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Cardinal crimes

In my view, and I think that of a fair proportion of opera goers, Madam Butterfly occupies a unique position in Puccini’s oeuvre. None of his other operas can seriously be entertained for tragic status, but Butterfly can and should be. Because its idiom is instantly recognisable, it is easy to assimilate it to the

Master of reverie

If there’s one exhibition Tate Modern has mounted which needed the attentions of a sympathetic designer it’s this one. Never have such vibrant paintings begun to seem so dull, displayed to disadvantage on the drab, no-colour walls of the unsympathetic boxes of the temporary exhibition galleries on Level 4. There’s something intrinsically disheartening about the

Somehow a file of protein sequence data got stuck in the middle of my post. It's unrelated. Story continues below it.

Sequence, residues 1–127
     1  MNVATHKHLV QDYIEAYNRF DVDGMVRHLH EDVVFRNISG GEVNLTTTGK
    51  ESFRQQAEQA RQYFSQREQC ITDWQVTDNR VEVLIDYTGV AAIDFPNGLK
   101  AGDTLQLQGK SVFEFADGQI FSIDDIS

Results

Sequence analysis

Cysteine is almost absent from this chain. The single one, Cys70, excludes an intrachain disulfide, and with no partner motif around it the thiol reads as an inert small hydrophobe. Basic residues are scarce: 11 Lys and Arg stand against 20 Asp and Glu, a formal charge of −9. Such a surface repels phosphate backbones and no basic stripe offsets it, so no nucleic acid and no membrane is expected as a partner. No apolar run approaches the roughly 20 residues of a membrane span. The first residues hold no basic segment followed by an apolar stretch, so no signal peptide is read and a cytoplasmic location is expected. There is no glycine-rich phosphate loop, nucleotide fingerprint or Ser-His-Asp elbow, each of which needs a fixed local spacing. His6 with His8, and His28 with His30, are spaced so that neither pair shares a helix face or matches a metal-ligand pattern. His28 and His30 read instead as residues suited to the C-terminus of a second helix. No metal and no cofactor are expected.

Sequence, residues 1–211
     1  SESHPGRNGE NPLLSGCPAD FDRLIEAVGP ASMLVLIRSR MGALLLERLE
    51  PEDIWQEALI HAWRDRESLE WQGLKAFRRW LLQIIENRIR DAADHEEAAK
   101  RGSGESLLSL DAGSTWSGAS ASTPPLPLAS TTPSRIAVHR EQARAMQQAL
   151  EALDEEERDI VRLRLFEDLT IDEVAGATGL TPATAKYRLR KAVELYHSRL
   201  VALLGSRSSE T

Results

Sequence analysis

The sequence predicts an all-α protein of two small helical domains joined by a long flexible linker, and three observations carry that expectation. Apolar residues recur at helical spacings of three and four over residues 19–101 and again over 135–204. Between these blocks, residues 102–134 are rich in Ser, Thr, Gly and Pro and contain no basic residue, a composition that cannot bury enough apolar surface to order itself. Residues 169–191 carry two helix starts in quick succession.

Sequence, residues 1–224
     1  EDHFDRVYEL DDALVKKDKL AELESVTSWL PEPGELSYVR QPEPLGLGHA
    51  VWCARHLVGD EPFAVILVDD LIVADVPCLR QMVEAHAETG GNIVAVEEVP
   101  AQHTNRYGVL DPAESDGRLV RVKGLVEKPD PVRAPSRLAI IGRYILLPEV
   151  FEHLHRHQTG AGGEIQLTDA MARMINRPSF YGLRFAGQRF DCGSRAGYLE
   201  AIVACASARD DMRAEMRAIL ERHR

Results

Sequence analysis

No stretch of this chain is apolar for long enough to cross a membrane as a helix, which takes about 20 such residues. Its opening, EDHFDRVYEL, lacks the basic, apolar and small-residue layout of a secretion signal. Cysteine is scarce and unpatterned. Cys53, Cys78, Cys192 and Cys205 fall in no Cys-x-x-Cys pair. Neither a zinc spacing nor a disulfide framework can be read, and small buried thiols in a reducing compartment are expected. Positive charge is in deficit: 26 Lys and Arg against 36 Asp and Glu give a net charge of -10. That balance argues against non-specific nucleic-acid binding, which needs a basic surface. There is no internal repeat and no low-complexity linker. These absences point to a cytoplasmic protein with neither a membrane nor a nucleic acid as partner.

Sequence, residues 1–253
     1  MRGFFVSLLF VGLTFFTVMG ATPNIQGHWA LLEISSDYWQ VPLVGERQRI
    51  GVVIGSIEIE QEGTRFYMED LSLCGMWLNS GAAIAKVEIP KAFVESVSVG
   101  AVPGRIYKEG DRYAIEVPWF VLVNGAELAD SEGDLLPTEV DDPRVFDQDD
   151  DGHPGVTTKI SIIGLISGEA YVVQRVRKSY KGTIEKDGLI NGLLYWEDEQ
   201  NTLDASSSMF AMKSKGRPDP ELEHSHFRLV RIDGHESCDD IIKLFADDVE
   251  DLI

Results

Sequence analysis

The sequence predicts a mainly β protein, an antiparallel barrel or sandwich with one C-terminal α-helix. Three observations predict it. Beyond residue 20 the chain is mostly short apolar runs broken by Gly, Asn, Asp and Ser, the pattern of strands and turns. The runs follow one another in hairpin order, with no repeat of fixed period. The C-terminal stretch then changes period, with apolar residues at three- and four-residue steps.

Shipwreck of a genius

Simeon Solomon ‘has his place, not far from Burne-Jones, in any record of the painting of the 19th century. Had circumstances been kinder to him, or had he been other than himself, he would have been a formidable rival,’ wrote Arthur Symons in 1925. This Birmingham exhibition is the most comprehensive assessment yet of Solomon’s

More war

Now obviously in the light of last week’s column I did try to find a subject this week which had to do with something other than war. But then I looked in the schedules and saw that there was one documentary on about the Somme and another about the city of Benares, and that was

Embracing Western culture

It’s five o’clock on a November evening, and I’m leaning over a balcony watching a pipe band parading in the concourse below. But it’s not the chill of a Scottish autumn I’m feeling, rather the mildness of autumn in Japan — and the pipers are not Scots, but Japanese members of the Tokyo Piping Society